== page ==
Singer - songwriter at the piano

How to Avoid Getting Locked Into a Predictable Songwriting Style

Every songwriter has a style. If you’re a well-known writer, that style may be part of what makes your new song immediately identifiable to your listeners, even before they hear that you’re the one who’s written it.

More often than not, however, a song’s style of performance is what will give the song’s authorship away, not the style of writing. You might recognize a Springsteen song, for example, because of the way the melodies, lyrics and chords work together, but truthfully, you’re more likely to recognize the performance style of the various players in the band before you recognize the aspects of music that make it a Springsteen tune.

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Nevertheless, your songwriting will benefit gratefully by asking a simple question for each song that you write: How does this song differ from my last few? Am I locked into a writing style that’s become too predictable?

If you find your songs are all exhibiting a kind of sameness about them such that your latest songs no longer take the listener on a unique musical journey, you’ve got a problem to solve.

So how do you make sure that with each song you write, you continue to explore new musical pathways while still giving your loyal fans something similar to what brought them to you in the first place?

Here are some tips for making sure that you continue to push the boundaries of your songwriting style without alienating your most dedicated and faithful fans:

  1. Explore new instruments in your production. If you typically use acoustic guitar or keyboard instrument, it’s time to expand. Find ways to bring new players in to your recording sessions, including someone who can help with fringe instrumentations such as string quartet, brass ensembles, fiddles, or anything else that might give your music a unique sound.
  2. Always seek out new ways to start the songwriting process. How you start something when creating music often dictates what the final product is going to sound like. If you always start your songs by strumming chords, you’ll hear an annoying sameness about each tune. So develop your abilities to write lyrics first, imagine melodies, or any other musical component that isn’t necessarily your go-to method.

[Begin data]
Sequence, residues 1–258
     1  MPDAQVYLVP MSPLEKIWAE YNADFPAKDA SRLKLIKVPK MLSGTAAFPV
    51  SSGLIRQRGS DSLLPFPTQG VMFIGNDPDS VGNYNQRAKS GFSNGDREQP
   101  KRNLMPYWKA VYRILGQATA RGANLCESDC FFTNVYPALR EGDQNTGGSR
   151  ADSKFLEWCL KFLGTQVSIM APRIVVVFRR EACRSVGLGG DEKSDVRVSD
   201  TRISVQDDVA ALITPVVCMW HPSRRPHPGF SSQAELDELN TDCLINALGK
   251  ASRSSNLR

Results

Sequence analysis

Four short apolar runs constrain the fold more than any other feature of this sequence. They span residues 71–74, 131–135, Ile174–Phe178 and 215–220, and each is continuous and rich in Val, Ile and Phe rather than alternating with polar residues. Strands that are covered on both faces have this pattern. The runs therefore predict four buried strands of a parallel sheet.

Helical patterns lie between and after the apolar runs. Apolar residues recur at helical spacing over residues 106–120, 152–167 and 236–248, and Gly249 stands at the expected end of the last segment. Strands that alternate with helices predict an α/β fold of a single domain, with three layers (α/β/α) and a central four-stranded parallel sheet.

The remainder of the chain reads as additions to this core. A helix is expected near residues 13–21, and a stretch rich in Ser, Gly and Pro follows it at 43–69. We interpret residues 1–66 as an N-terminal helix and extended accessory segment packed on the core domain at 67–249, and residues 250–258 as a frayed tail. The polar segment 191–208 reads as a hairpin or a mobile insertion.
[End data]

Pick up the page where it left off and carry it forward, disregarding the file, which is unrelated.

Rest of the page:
3. Seek out new songwriting partnerships. A partnership that exists merely to increase the number of songs you’re writing isn’t necessarily going to produce better music. So look for ways to find songwriters that are good collaborators… people that are like-minded enough (but different enough) that you’ll write something truly unique and interesting.
  4. Consciously change your writing style by trying to imitate one of your songwriting heroes. You may worry about this, as you might think it will lead to plagiarism. Don’t worry – it won’t. Just get your guitar out, and imagine that you’re Justin Vernon… or Sufjan Stevens… or Patty Griffin… or anyone else. What would they do? How would they proceed? It may seem strange, but it can work really well to get you thinking differently about how you write.
  5. Consciously change time signature and key (including mixing major and minor) from one song to the next. If you have a favourite key, that’s a sign that you’re writing too much in the same one. Change things up. Try other time signatures other than the standard 4/4 that we hear all the time. Try 3/4, or even something more complex like 5/4. You’ll find that with a new time signature, the entire feel of the song changes. Remember that it’s usually possible to take a song you’ve written in one meter, like 4/4, and change it so that it works in a new one, like 3/4. It usually takes a bit of experimenting, but it can work, and will allow you to hear new possibilities.

Gary EwerWritten by Gary Ewer. Follow Gary on Twitter.

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